• \$\begingroup\$ @Eldhelion Actually, most class features don't stack, unless they explicitly say so (ie Sneak Attack from Rogue/Assassin/et al). So a Blackjack 5/Defender 5 would have Weapon Training 1 unless you specify otherwise in your homerule \$\endgroup\$ – Ifusaso Nov 6 at 23:24
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    \$\begingroup\$ Be aware that there also exists this extremely similar question. \$\endgroup\$ – Hey I Can Chan Nov 7 at 4:12
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The answer to this is, I think, “no one really knows.” When we discuss balance, especially when we discuss broad, systemic things like this, the approach to answering these questions is to leverage the expertise of a wide consensus of players, who have tried tons and tons of things and have come up with either “haven’t found anything broken yet” or “yup, XYZ totally breaks things.”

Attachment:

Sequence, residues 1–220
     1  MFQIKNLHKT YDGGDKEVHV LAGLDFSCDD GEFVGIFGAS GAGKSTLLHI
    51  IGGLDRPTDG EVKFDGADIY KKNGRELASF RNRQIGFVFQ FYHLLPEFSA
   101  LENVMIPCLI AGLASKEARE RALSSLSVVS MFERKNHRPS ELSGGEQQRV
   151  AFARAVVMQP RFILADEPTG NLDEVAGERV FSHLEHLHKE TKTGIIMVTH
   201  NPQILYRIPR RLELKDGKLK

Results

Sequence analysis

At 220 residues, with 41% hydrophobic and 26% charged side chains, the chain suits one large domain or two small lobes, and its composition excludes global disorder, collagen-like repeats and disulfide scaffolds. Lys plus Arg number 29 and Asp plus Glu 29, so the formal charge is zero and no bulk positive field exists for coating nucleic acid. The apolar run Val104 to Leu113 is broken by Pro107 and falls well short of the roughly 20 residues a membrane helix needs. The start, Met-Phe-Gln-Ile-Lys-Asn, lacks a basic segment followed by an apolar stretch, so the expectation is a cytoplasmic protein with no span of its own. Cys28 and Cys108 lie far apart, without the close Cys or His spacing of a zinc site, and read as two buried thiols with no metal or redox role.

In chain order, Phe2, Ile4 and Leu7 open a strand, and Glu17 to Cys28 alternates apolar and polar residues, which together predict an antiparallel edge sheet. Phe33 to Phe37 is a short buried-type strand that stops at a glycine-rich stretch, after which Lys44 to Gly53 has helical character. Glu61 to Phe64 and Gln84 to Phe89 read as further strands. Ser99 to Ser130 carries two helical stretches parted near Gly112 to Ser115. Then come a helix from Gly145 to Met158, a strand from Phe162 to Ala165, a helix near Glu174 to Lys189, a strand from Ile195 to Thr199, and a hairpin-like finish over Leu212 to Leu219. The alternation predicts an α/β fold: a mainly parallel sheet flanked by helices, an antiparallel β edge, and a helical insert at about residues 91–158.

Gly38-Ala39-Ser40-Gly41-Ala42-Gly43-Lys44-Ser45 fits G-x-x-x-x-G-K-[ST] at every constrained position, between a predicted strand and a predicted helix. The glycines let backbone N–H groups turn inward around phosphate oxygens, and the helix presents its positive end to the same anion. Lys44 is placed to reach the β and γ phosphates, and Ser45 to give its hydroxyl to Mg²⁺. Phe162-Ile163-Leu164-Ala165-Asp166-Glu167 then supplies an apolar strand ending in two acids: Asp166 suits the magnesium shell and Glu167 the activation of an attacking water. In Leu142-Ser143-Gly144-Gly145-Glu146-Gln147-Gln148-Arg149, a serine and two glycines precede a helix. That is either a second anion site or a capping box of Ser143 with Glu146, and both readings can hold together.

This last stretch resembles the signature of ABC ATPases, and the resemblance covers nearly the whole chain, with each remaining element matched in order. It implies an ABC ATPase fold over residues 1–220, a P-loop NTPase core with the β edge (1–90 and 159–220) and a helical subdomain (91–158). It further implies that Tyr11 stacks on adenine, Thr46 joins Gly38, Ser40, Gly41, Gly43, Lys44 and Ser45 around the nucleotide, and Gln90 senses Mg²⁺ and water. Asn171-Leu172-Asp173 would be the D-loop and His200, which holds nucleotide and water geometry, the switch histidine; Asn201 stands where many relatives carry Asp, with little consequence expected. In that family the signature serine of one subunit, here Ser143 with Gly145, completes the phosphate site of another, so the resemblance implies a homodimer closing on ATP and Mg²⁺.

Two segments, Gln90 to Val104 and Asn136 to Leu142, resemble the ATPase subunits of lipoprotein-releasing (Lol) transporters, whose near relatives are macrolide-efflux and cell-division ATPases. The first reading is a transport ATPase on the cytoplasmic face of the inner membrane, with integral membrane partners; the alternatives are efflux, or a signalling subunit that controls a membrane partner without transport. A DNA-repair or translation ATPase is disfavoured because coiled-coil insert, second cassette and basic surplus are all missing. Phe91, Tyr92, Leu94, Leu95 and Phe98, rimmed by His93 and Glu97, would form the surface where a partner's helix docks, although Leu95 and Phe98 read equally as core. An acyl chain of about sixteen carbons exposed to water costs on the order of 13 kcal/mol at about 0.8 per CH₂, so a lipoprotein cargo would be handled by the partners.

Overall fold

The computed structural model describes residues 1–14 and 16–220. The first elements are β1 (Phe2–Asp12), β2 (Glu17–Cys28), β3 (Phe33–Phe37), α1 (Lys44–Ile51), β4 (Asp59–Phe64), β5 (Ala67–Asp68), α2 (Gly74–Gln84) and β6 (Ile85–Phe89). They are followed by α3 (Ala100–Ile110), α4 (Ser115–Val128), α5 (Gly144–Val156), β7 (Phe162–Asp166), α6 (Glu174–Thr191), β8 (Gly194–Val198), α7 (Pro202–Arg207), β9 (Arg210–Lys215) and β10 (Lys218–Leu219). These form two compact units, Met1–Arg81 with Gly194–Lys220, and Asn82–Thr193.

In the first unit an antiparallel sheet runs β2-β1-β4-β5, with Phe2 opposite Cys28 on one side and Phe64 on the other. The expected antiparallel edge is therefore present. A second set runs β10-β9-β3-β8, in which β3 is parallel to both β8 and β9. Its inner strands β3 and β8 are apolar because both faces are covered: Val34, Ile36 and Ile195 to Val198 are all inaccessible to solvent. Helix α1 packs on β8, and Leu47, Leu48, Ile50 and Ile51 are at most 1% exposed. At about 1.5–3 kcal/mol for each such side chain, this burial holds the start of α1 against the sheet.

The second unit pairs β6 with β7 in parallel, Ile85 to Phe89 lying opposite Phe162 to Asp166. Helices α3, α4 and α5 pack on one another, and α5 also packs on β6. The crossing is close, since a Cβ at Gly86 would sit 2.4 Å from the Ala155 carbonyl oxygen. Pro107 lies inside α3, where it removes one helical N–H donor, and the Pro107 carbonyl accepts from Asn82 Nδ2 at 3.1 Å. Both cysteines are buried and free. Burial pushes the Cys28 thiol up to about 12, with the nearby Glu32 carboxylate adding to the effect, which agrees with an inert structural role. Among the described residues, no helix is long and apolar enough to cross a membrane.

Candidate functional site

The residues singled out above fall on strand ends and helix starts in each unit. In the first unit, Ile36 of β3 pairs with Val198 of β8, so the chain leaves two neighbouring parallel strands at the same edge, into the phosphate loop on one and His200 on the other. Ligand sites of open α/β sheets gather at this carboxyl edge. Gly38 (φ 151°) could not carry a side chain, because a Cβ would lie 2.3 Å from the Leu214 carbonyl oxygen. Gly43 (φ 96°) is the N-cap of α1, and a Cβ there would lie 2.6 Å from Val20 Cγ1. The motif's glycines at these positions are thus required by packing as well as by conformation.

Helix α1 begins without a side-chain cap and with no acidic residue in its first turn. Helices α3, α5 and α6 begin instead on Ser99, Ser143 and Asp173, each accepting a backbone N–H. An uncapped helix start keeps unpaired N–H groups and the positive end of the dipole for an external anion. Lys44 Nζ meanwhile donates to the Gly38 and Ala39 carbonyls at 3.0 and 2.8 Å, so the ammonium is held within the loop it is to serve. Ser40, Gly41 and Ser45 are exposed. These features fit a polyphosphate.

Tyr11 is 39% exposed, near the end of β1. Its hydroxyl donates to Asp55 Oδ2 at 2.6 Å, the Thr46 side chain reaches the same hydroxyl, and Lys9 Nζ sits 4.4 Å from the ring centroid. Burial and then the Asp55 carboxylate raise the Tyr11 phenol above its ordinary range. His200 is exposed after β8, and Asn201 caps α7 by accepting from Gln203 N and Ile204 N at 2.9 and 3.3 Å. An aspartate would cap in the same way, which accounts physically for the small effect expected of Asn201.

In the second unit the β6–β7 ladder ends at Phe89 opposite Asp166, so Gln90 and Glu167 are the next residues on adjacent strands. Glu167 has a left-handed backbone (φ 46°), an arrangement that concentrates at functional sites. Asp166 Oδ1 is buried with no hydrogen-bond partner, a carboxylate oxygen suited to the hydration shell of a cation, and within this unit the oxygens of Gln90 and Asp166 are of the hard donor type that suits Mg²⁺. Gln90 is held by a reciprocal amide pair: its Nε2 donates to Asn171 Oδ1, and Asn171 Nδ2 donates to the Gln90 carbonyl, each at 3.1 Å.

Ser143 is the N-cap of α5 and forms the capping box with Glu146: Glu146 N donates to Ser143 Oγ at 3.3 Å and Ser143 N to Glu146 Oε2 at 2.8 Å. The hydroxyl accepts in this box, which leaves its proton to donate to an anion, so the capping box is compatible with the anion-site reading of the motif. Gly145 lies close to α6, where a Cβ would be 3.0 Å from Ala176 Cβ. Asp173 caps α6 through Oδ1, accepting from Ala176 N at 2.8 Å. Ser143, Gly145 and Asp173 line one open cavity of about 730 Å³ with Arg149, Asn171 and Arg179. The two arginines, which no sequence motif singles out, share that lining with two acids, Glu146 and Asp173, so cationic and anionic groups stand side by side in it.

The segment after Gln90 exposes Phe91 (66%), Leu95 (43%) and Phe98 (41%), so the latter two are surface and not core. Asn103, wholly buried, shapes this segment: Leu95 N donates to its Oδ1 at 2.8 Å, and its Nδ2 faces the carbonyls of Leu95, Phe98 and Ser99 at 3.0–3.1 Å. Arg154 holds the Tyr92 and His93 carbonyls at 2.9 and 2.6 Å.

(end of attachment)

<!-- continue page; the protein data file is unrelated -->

The problem here is that this is not a widely-used or widely-considered houserule. Paizo certainly doesn’t keep it in consideration when they design things, and you’ll find few—if any—discussions online of play under such a houserule. Without a big, broad base of testing and experiences, we simply can’t know the answer. Even if I had played in such a game—and I have not—it wouldn’t necessarily prove anything. If nothing was broken, is it because the houserule is fine—or because we just got lucky and missed the problems? If something was broken, does that mean the rule is unsalvageable—or does it mean that one thing needs to be addressed because it breaks, but generally the rule is OK? We just don’t know.